How can I tell the difference between depression and plain old laziness?
April 11, 2013 7:20 PM   Subscribe

What is it like to be lazy or whiny but NOT depressed? Please share your stories of irresponsible laid back behavior so we depressives can finally see the difference.

I think this is a familiar tale. I'm twenty-five and lived through three family suicides, but I still can't believe in my heart that what I'm experiencing is Depression with a D. I've read all the internet forums, checked out the abnormal psych textbooks, talked to counselors and psychiatrists, and still, STILL, no matter how much I would love to think otherwise, I can't shake the feeling that this is merely the outcome of a shitty excuse-making work ethic. I only just started pursuing treatment at the beginning of this year, and you know what it feels like? Like I'm really pulling one over these doctors and counselors. I've tricked them into prescribing me with meds and diagnosing an actual medical condition and wasting costly resources on me! LOL! Don't they know I'm just doing this because I don't want get a job or stop watching prestige television on my parent's couch? I must be the best con in the world, baby. When the house is empty and I sit in my room and I shut the windows so I finally can hold my face and weep - it feels like some seriously dedicated method acting rehearsal. All this snot is really authentic. Boy, maybe I'm laying it on too thick with these chest pains.

So to all you healthy people, the ones who are truly mentally well: what does real simple laziness look like? What does that feel like? Hell, what is it like not to be depressed? The psychiatrist told me that most people rate their overall sense of happiness an 8 or 9 on a 10 point scale. What the fuck????

Lovely slouches of MeFi, please explain sane idleness to me. Tell me about your faked sick days, your lean-back career choices, your cousin who just doesn't do shit and loves it.

I'm also interested in what undue whininess is. What's a good wholesome bitchfest, and how is that different from illness? Gift this one the gems of your kvetching lay-about ways. Funny anecdotes always a plus. Thank you.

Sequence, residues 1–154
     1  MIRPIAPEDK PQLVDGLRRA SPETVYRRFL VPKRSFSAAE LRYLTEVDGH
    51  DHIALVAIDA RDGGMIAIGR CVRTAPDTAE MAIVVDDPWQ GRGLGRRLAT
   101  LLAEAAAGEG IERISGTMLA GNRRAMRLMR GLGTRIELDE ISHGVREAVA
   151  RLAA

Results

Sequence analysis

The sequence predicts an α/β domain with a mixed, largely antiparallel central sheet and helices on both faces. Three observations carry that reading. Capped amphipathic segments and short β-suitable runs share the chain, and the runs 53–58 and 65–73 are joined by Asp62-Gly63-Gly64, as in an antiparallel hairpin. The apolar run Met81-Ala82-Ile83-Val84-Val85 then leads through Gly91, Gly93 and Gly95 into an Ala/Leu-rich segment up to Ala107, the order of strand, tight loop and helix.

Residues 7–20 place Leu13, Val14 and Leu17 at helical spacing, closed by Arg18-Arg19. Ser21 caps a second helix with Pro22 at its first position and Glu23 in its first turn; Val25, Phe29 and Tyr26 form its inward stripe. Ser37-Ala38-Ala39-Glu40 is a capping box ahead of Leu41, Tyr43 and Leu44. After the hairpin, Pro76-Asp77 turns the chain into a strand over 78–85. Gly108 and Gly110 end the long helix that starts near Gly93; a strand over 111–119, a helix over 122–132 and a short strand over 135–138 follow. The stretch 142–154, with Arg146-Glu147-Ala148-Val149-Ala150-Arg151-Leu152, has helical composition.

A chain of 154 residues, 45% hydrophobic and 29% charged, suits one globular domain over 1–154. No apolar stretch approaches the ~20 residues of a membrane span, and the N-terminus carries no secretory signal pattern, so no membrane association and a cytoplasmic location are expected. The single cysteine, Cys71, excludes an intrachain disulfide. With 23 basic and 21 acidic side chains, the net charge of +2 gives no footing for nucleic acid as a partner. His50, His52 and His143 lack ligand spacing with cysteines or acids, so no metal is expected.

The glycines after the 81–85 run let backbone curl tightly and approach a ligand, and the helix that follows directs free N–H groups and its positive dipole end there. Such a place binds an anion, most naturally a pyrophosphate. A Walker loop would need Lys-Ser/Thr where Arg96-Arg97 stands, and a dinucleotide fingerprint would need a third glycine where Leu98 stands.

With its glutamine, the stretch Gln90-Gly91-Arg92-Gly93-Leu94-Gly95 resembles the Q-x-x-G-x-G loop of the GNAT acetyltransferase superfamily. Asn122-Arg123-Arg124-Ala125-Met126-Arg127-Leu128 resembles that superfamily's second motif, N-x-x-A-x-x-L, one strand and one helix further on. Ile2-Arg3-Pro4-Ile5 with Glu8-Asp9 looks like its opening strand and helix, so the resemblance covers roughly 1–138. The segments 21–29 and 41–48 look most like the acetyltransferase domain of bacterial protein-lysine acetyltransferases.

And a pro-tip: watch The Americans because that show is fucking amazing.
posted by iamleda to Health & Fitness (38 answers total) 49 users marked this as a favorite
Well, maybe change your 'shitty excuse-making work ethic'? You've made changes in other areas of your life-- is this the last area to tackle?

Lazy is where we all go when we CAN. And there's nothing inherently wrong with it. It just means you can afford the luxury at this time and place. Maybe you are having the chest pains because you're realizing that you CANNOT anymore.

And honey, you are TOTALLY worth the resources. Listen to what your body is telling you. You might be on the verge of something great.
posted by (F)utility at 10:12 PM on April 11, 2013

Response by poster: Oh, and I'd like to mention that this question (my first on ask me-fi, yay!) was initially flagged and taken down because it was too jokey. So this is my second attempt at gravitas. Uh, sorry about that. But I am really sincere about this and I appreciate all responses. I think actually a lot of people ask themselves "Is this depression or am I just worthless?"
posted by iamleda at 10:16 PM on April 11, 2013 [1 favorite]

I don't know your parents, their couch, or what Prestige television is, but I think in some cases, not wanting to stop watching TV on your parents' couch IS depression. Is that really such a great life for more than a few months? Are you thinking "this is awesome and I could do it forever, they keep the fridge stocked and everything!" or "I wish I had the oomph to look for a job and didn't feel like I'm trying to peel myself up off the floor?"
posted by needs more cowbell at 10:26 PM on April 11, 2013 [2 favorites]

I only just started pursuing treatment at the beginning of this year, and you know what it feels like? Like I'm really pulling one over these doctors and counselors. I've tricked them into prescribing me with meds and diagnosing an actual medical condition and wasting costly resources on me! LOL!

You need to go and see a qualified mental health professional and tell them what you just told us.

I think actually a lot of people ask themselves "Is this depression or am I just worthless?"

This is your depression talking. Please see a qualified mental health professional.

If you are in the U.S. and feel like you are likely to harm yourself, please call the National Suicide Prevention Lifeline at 1-800-273-8255.

When my depression was at its worst (read: I was brainstorming ways I might kill myself), I was also really "jokey" and reached out to inappropriate people (i.e. near-strangers) and websites (i.e. Metafilter) for help. Please contact a qualified mental health professional.
posted by topoisomerase at 10:29 PM on April 11, 2013 [11 favorites]

I think actually a lot of people ask themselves "Is this depression or am I just worthless?"

People who are actually lazy don't really spend a lot of time on this question. It's pretty much a classic symptom of actual depression. I think the jokes are part of the indication that you're having some trouble staring this in the face, which is understandable when your model for what actual depression is like in your family is suicide. But those aren't the only options - that you are suicidally depressed or you're just lazy. Be honest with your therapist about how you feel like you're a fake and a con artist, and that you feel like you're acting instead of really feeling things. They have seen this before and know how to help. It is possible to feel happy after depression. It's possible to feel like an 8 or a 9 most days.